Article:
Broker Check

Reaching Escape Velocity?

| July 07, 2014
Share |

Weekly Commentary by Dr. Scott Brown

July 7 – July 18

The strong pace of growth in nonfarm payrolls suggests much more than a rebound from bad weather. While recent economic figures have been generally mixed, the job market is clearly improving, led by increased hiring at small and medium-sized firms. The hope is that good news will feed on itself, lifting the pace of growth in the second half of the year. However, there are a few concerns in the outlook.

Small and medium-sized (essentially, newer) firms typically account for more than their fair share of job growth in an expansion. These firms have been restrained in the recovery, but demand appears to have improved to the point where many of them must hire new workers to keep up.


Prior to seasonal adjustment, nonfarm payrolls rose by 582,000 in June (education down 847,000, but up 1.429 million otherwise), up 3.8 million since February. That’s a pretty good spring. Note that unadjusted private-sector payrolls usually trend only gradually higher in the second half of the year.

The unemployment rate fell to 6.1% in June, the lowest since July 2008. The employment/population ratio rose modestly and has been trending only gradually higher over the last year. The aging of the population suggests that we’re unlikely to get back to the pre-recession level on employment/population, but we should be able to make up at least two-third of the ground lost. We still have a large amount of slack in the labor market.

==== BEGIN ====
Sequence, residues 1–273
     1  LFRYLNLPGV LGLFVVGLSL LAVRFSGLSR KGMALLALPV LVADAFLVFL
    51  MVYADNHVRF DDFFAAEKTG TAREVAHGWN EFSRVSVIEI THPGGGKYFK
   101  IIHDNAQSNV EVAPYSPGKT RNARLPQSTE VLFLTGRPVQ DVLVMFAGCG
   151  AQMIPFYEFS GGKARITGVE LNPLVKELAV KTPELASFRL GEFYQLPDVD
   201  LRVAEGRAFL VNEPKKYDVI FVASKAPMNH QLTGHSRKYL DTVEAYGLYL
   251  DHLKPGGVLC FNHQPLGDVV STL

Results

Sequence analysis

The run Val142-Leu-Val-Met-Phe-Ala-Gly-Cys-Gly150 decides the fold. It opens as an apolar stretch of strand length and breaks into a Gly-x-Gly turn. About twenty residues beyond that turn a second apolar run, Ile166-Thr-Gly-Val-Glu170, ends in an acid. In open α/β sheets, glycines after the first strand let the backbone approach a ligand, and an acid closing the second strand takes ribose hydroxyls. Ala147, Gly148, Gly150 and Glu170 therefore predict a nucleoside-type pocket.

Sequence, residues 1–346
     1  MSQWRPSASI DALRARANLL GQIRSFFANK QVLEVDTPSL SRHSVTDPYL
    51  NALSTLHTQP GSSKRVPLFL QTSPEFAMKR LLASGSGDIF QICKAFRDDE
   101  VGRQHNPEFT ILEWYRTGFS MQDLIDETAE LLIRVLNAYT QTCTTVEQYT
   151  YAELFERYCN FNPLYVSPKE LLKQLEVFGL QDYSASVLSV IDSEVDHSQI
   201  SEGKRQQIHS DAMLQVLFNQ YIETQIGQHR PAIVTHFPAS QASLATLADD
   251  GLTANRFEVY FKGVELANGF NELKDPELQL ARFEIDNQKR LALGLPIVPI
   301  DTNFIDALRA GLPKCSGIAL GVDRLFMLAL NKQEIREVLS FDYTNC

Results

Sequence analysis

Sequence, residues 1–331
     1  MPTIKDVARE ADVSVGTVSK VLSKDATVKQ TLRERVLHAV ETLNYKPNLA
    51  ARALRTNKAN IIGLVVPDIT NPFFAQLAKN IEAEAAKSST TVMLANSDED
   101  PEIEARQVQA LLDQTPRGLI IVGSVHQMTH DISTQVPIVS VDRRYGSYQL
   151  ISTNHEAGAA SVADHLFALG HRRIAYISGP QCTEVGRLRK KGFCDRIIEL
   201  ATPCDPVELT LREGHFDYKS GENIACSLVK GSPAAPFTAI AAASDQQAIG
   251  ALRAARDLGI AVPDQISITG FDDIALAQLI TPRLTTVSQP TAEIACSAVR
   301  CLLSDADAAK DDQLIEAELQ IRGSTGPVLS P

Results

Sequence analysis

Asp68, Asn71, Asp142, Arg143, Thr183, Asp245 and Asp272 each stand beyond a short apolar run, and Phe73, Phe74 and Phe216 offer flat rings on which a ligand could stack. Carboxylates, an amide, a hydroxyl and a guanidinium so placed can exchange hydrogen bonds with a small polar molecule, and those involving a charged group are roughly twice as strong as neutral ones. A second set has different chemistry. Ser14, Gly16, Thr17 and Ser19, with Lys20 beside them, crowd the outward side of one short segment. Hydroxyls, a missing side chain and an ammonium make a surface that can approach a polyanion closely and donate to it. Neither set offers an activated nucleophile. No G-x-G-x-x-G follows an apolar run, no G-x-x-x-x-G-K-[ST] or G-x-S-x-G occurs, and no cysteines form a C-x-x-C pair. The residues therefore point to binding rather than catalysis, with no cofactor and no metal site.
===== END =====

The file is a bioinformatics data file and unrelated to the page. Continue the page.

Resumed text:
Short-term unemployment has returned to normal levels, but long-term unemployment remains elevated.

There are three concerns in the economic outlook: 1) wage growth has remained low, limiting the potential upside for consumer spending growth; 2) geopolitical tensions could escalate, boosting gasoline prices and increasing the degree of caution in business hiring and capital spending; 3) there is little scope for expansionary fiscal or monetary policy should that be needed. However, strong job growth may be sufficient to boost consumer spending in the near term, which in turn, would lead to even more job growth in the second half of the year.




The opinions offered by Dr. Brown should be considered a part of your overall decision-making process. For more information about this report – to discuss how this outlook may affect your personal situation and/or to learn how this insight may be incorporated into your investment strategy – please contact your financial advisor or use the convenient Office Locator to find our office(s) nearest you today.

All expressions of opinion reflect the judgment of the Research Department of Raymond James & Associates (RJA) at this date and are subject to change. Information has been obtained from sources considered reliable, but we do not guarantee that the foregoing report is accurate or complete. Other departments of RJA may have information which is not available to the Research Department about companies mentioned in this report. RJA or its affiliates may execute transactions in the securities mentioned in this report which may not be consistent with the report's conclusions. RJA may perform investment banking or other services for, or solicit investment banking business from, any company mentioned in this report. For institutional clients of the European Economic Area (EEA): This document (and any attachments or exhibits hereto) is intended only for EEA Institutional Clients or others to whom it may lawfully be submitted. There is no assurance that any of the trends mentioned will continue in the future. Past performance is not indicative of future results.

Share |